And in May 2015 the family got a phone call to say the criteria had changed and baby Byson could go on the list for a new liver.
Ms Bennett was over the moon and offered up part of her own liver to her son.
‘I had a few tests and then I was told it wouldn’t work – it was heart breaking,’ she said.
The mother-of-three said the family then waited seven months for a phone call which would change Byson’s life forever.
The young boy was denied access to a liver transplant when he was 18-months-old – but is doing much better now
‘It came on December 27 at 3am. We were told there was a liver for Byson and we had to be on a plane to Auckland in two hours,’ she said.
‘We were in so much shock but we jumped out of bed, woke up the kids and made it to the airport just in time to get on the plane.’
By the time the family ‘got the call’ Byson had turned a dark shade of yellow as he was suffering from severe jaundice because his liver couldn’t do the job it needed to do.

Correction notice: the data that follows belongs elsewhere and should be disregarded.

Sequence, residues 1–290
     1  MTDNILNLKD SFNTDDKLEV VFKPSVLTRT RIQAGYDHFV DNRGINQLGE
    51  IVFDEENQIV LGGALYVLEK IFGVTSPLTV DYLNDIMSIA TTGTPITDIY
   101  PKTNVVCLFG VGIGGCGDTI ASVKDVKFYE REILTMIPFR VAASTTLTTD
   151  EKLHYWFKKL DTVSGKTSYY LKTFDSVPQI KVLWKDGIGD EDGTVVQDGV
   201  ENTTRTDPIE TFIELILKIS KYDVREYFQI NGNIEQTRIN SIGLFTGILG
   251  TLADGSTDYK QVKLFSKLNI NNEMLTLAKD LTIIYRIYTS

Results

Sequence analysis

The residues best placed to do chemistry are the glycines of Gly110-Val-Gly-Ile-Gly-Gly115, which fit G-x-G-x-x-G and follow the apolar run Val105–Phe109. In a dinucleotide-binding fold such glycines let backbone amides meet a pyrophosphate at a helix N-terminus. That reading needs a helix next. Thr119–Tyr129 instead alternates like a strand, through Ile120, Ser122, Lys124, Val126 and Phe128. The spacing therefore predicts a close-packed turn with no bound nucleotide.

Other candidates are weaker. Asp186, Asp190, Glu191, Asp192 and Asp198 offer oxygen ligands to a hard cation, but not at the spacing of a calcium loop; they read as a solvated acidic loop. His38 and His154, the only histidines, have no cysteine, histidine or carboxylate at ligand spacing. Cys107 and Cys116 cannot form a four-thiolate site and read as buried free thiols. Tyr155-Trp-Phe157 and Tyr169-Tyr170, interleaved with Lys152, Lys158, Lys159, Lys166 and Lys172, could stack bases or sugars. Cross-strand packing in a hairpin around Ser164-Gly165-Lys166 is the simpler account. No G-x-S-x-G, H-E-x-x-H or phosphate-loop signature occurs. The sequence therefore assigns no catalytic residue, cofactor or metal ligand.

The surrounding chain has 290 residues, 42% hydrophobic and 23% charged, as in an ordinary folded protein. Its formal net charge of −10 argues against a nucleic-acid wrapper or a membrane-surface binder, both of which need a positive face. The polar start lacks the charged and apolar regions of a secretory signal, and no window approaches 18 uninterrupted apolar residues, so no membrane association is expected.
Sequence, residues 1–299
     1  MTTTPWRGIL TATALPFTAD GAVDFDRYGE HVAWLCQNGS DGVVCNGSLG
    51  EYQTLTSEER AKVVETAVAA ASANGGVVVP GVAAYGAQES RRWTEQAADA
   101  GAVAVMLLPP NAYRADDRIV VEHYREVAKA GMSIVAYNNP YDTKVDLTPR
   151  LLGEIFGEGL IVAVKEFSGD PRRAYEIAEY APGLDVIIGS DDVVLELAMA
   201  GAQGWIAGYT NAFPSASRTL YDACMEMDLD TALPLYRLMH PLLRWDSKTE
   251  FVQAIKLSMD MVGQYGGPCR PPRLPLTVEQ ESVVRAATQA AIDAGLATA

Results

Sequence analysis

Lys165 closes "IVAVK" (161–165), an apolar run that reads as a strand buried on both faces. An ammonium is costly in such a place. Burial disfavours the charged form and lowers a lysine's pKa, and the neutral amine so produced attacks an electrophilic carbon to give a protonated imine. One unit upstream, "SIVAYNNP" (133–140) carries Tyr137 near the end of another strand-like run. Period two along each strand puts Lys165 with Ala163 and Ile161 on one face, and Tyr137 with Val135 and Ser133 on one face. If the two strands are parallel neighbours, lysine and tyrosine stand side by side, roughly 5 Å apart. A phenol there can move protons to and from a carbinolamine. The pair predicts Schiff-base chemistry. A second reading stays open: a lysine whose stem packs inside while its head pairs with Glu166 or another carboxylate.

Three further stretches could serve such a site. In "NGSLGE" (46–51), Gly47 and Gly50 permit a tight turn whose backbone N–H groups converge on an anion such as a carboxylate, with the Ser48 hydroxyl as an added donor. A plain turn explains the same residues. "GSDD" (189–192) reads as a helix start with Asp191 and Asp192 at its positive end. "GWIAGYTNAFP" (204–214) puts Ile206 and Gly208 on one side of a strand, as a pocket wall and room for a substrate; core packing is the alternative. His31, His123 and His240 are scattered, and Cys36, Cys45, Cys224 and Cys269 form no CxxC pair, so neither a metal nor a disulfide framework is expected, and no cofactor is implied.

Just 23 hours after Ms Bennett had woken from the life-saving phone call, Byson was being wheeled out of the operating room at Auckland’s Starship Children’s Hospital.
The Christmas before Byson’s transplant – the young boy was notably yellow as his liver struggled to do its job
He has now had his new liver for just over 12 months and his quality of life improves every day.
‘He must have been in a lot of pain before – because he is developing a lot more quickly now,’ his mother said.
‘He is rolling over, he sings, he talks and he plays with his brother and sister.’
Byson also has a condition known as hydrocephalus – or ‘water on the brain’ – and still relies on Ms Bennett to be tube fed, but is much more independent than he used to be.
‘The liver has taken really well – we haven’t had any problems yet,’ Jasmine said
‘The liver has taken really well – we haven’t had any problems yet,’ she said.
‘He is more active now and has so much more energy.’
Not much is known about his brain condition so the busy mum says she just has to ‘wait and see’ as far as his development goes.
‘We do know that he shouldn’t need another liver transplant which is great,’ she said.
Byson turns five on Friday – an amazing achievement for a boy who ‘wasn’t going to make it to his second birthday’, his proud mother said.
Byson is now ‘more energetic’ and doing some things independently